Keeping risk and capital in balance

So what direction is your company headed regarding risk? Are you expecting to:

  • Grow your risk faster than your capital, using up excess capacity;
  • Grow your capital faster than your risk, building up capacity; or,
  • Keep risk and capital in balance just where they are now relative to each other?

We call the answer to that question the risk trajectory of an insurer. I also call it the Fundamental Question of Risk Strategy.

To achieve alignment between company strategy and risk strategy, the choice of risk trajectory must be included when all decisions regarding risk management plans are being made.

For each risk the insurer accepts, management must choose among four general strategies

We asked this question to 58 insurers and almost 60% said balancing risk and capital was their risk trajectory. For each risk the insurer accepts, management must choose among four general strategies – Exploit, Manage, Minimize and Avoid.

The Exploit strategy seeks profits when a business has a competitive advantage that allows it to make more money when more risks are accepted. Risks that are exploited will grow.

The Manage strategy carefully accepts risks in a very controlled fashion. Managed risks usually grow at approximately the same rate as the underlying activity being insured; this fits closely with the balancing risk and surplus trajectory.

The Minimize strategy takes as little risk as possible while continuing to pursue business strategy. Operational risks often fall under this strategy; accepting more operational risk will usually not increase profits. But operational risks are unavoidable, so a minimize strategy often makes sense.

The Avoid strategy applies to risks outside the risk tolerance of the insurer. These risks are often outside the insurer’s expertise.

When asked about their preferred approach at the enterprise level, 70% of insurers said used a Manage strategy, which is compatible with the balance risk trajectory.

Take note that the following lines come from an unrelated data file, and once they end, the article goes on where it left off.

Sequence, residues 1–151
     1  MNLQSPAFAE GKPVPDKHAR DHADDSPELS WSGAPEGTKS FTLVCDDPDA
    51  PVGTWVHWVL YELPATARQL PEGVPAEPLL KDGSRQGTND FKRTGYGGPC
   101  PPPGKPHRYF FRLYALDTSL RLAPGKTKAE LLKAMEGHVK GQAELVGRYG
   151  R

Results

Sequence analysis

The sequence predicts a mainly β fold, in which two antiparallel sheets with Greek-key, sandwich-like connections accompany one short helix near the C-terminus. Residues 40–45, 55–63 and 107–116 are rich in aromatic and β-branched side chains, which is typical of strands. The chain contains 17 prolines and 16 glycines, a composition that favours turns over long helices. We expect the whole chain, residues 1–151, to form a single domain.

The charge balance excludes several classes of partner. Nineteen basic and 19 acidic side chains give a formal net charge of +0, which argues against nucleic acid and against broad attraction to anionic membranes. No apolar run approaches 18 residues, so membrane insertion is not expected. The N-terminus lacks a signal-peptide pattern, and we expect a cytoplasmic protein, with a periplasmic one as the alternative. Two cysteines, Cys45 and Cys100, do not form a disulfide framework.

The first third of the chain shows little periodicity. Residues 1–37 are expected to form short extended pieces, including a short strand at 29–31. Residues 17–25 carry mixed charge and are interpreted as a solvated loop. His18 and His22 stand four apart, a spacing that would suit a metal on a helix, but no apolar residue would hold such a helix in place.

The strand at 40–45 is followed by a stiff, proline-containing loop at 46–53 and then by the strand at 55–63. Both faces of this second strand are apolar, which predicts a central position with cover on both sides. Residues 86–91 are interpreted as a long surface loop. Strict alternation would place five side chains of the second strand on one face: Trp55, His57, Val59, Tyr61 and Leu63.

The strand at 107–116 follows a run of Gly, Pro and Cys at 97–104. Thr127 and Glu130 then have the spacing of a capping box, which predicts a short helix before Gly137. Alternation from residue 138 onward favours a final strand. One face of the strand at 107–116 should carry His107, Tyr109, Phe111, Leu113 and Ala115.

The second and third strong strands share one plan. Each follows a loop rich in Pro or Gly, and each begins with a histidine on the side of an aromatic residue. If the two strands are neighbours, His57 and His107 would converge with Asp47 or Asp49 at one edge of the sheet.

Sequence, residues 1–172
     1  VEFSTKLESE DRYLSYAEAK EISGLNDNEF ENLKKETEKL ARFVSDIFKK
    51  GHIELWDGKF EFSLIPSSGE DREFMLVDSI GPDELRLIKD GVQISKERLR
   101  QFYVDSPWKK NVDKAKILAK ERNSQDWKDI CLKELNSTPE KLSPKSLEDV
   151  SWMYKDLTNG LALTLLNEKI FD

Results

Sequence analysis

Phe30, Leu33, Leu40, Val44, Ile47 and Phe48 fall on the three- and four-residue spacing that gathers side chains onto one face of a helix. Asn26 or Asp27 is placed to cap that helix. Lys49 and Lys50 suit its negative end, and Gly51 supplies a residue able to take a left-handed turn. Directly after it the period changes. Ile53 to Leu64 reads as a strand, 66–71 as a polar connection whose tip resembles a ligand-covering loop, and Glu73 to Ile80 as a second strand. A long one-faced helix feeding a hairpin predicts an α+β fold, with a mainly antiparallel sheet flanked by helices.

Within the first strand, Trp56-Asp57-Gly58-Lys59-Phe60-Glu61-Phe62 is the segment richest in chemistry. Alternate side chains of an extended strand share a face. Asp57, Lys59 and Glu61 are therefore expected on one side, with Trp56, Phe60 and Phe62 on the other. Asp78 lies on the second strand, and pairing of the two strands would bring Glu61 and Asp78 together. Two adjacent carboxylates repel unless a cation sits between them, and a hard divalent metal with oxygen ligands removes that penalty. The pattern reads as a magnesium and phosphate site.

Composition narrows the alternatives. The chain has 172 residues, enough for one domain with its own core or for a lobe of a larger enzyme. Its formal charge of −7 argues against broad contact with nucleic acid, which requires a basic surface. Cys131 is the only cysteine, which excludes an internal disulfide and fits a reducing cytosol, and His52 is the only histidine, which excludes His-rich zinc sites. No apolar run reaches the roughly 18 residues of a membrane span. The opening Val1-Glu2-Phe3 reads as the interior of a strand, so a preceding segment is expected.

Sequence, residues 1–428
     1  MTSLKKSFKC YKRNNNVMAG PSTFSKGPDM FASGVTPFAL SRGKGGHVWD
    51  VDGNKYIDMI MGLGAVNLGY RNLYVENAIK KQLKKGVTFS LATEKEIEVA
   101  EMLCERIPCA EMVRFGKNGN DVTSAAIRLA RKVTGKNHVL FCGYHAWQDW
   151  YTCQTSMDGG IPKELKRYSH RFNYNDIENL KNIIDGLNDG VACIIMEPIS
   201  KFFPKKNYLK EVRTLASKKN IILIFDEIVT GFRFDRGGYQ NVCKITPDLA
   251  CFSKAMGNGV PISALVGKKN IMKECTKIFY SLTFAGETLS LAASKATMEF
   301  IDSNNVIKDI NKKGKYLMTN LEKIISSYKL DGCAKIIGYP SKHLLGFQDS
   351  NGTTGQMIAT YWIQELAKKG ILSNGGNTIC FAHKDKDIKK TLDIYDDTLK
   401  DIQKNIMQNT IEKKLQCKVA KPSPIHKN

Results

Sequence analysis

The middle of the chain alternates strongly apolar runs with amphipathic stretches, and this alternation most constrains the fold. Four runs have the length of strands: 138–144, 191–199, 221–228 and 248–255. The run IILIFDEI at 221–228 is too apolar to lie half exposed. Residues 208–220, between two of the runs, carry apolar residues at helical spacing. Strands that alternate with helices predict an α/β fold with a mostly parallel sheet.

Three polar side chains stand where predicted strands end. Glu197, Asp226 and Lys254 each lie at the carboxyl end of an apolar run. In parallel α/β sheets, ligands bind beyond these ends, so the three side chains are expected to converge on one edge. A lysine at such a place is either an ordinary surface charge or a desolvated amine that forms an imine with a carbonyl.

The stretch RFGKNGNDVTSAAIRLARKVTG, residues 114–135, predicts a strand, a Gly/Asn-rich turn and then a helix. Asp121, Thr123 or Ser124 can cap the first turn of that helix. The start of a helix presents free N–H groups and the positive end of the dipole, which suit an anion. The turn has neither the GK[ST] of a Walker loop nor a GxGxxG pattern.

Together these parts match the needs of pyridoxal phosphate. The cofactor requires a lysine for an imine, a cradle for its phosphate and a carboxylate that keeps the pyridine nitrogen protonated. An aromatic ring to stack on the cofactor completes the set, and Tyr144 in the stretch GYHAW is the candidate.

In addition, there is a Fundamental Equation of Growth, Risk, Profitability and Surplus (GRPS). To achieve the risk trajectory, there must be a balance among the four elements of the Fundamental Equation. The Fundamental Equation is blindingly simple. For insurers who wish to balance risk and capital growth:

Earnings must provide for a growth in surplus at a rate equal to the business growth rate.

For insurers with a trajectory to build up surplus, the growth in surplus should exceed the rate of business growth. For insurers with a trajectory to grow risk faster, the rate of growth of surplus will be lower than the business growth rate. So, we can define the Target Growth Rate as the business growth rate adjusted for the risk trajectory. Then the General Fundamental Equation is:

Earnings must provide for a growth in surplus equal to the target business growth rate.

As we said above – blindingly simple. From this equation, an insurer can tell what their target combined ratio must be to balance GRPS.

Combined Ratio = Premiums – (Target Growth rate – Earnings rate) x Surplus + Earnings rate x Reserves ÷ Premiums

Where the Earnings rate is the expected average after-tax return on invested assets backing reserves and surplus, and the combined ratio would be net of tax on underwriting income.

For more on this topic, go to the Willis Re Webinar on Balancing Risk and Capital where Ralph Cagnetta and I provide further insights on how to achieve this balance, along with a case study of one insurer’s approach.

About Dave Ingram

Dave is an Executive Vice President of Willis Re, specialising in theory and practice of ERM for insurers. Based in…
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